In these unprecedented times, parents now also have the task of homeschooling their children.  You may have gotten a packet of work from your child’s teacher or some sort of instructions for distance or e-learning, but may need some guidance on how to structure the day or how to teach certain concepts to your child. As an educator, I would like to help all of you navigate this new dynamic and help to keep you sane! Here are my tips for parents for setting up home learning…

1. Create a Schedule

This is the first thing I do as a teacher, even before I plan on what I am teaching. A schedule is helpful because you and your child know what to expect and there are endpoints to certain activities. Here are a few tips on creating a schedule: 

  • Mirror their school schedule- You can ask your child’s teacher (or your child) what their school schedule is and have a similar schedule at home. You could have lunch and “recess” at the same time your child normally does these activities during the week.
  • Make the schedule work for you & your child- If you need to work from home at a certain time, that might be a good time to give your child a quiet break or an activity they can do independently.
  • Use a schedule format that works for your childSome students use picture schedules or written schedules depending on their level. Use a schedule that is best for your child and know that a written schedule on a piece of paper works during this time!
  • Make it consistent, but give room for flexibility- It is important to maintain structure and routine (especially during uncertain times), but it’s okay to allow for a little flexibility. If there is something you need to do for work on a certain day, you can tell your child ahead of time that there will be no “school” that day.
  • Use timers- I use timers all the time. You could use a kitchen timer and set alarms on your phone. This benefits your child because they can see how much time is left and it helps keep you on track too!

2. Make Rules for Learning Time

Have rules during “school” or learning time. Even if you have house rules, creating rules and expectations for learning time will make things go a lot smoother. Here are some tips for creating rules:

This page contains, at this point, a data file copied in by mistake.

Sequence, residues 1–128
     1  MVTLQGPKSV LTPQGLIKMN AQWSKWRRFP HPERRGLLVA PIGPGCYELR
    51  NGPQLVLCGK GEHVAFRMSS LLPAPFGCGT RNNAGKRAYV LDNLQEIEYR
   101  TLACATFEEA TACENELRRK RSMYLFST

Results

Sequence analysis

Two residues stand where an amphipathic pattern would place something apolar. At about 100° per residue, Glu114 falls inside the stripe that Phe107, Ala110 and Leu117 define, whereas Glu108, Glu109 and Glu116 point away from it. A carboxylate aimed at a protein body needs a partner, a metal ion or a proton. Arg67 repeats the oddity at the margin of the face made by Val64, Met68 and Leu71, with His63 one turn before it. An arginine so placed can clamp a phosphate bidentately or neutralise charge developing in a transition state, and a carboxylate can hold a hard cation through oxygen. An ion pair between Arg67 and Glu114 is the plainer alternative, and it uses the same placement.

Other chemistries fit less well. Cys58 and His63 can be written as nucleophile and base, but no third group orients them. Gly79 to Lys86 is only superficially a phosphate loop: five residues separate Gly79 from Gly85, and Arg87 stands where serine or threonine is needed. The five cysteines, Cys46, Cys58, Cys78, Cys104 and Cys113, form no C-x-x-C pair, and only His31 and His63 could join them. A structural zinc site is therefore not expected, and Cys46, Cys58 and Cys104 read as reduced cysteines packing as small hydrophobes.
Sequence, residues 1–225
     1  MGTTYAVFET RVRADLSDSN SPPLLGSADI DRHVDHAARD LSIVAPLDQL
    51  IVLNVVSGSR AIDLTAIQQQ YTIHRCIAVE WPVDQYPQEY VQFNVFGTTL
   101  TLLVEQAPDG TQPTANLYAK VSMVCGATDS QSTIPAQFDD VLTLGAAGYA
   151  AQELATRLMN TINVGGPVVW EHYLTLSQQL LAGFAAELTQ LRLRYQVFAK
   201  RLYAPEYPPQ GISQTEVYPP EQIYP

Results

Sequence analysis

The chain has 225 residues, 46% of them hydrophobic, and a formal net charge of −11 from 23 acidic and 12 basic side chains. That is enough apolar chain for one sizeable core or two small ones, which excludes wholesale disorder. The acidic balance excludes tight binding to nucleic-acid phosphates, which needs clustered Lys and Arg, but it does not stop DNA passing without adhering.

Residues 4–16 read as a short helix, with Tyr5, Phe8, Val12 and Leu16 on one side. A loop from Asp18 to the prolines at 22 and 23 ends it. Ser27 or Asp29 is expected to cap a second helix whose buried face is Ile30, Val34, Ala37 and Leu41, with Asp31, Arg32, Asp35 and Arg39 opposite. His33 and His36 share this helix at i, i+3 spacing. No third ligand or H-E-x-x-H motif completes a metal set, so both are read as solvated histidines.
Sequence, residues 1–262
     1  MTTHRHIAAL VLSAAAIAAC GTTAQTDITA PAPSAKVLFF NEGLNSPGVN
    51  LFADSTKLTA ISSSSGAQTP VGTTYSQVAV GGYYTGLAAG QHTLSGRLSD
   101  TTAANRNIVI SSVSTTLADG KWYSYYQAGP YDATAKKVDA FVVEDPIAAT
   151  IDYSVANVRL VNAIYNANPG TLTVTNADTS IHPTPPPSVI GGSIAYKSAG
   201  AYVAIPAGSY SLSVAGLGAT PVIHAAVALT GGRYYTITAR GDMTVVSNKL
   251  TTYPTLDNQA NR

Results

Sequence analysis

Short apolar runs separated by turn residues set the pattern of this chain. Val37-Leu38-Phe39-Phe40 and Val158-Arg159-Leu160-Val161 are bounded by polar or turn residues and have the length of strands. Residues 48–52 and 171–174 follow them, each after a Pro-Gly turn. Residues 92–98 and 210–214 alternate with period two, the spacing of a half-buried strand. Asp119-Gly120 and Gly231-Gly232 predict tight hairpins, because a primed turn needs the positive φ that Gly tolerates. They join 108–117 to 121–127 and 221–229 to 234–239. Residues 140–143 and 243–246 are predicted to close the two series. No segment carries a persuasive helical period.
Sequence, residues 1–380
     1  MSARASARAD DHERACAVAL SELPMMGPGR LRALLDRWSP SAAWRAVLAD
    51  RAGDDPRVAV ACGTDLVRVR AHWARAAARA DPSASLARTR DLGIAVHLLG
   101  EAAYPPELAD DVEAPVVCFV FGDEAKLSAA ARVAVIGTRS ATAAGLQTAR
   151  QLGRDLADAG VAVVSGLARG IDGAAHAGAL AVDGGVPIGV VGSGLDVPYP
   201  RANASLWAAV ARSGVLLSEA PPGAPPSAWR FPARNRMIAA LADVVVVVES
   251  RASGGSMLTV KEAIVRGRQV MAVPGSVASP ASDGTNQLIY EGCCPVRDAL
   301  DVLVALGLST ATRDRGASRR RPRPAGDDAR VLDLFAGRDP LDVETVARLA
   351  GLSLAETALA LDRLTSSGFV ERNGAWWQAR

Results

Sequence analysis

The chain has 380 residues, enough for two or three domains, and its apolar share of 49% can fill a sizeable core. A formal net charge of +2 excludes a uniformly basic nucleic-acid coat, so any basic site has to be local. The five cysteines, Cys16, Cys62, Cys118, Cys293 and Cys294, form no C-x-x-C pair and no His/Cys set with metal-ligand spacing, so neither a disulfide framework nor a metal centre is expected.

• Have a small number of rules- Depending on your child, about 3-5 rules should be enough. Too many rules will be overwhelming and not effective.
  • Tell what behavior you want to see-When I create rules, I tell about the behavior I want to see, not the behaviors I do not want to see. Instead of saying, “No hitting” or “Don’t flap your hands”, try “Nice hands”.
  • Write down the rules- Write out the rules with or without visuals for your child, that way it is concrete and you can reference the rules.  It also allows you to point to a rule as a reminder to your child instead of saying the same thing, over and over again.

3. Motivate Your Child with a Token Economy

It can be difficult to motivate children to do school work, so allowing your child to work for something can help. Sasha always gives the example of us as adults not working for free-we all work for a reinforcer. As adults, we work for a paycheck, so give your child the opportunity to work for something reasonable that they want. Here are some ways you can have a token economy (a system for your child to work for what they want) at home:

  • Offer appropriate reinforcers/rewardsMake sure it is something your child wants to work for and is reasonable for you to give to your child. For example, if your child likes Lego, allow them to work for a few minutes of playing with Lego (set the timer!). Promising a trip to Lego Land (even before these uncertain times) is probably not reasonable or realistic. Activities are always a good reinforcer or reward. Small snacks or food can be effective too, but make sure you only give your child a little bit at a time (e.g. a few M&Ms) so that it is still effective.
  • Give them the reinforcer/reward right away- If your child has done the work you asked them to do, make sure they get their reward/reinforcer right away. This helps to keep your child doing their work consistently because if they have to wait for it, they are less likely to do their work the next time.
  • First, then chartThis can be used as a schedule or as a motivator if the first activity is work and the second activity is something your child wants to do. They know when they are done with their work, they get the reinforcer/reward or activity that they wanted to do.
  • I’m working for chartThis is a visual that can have spaces at the bottom for stars or checks. When your child completes part of their work or does what you ask, you can check off one of the spaces. You can decide how many stars or checks your child earns before they get their reinforcer/reward.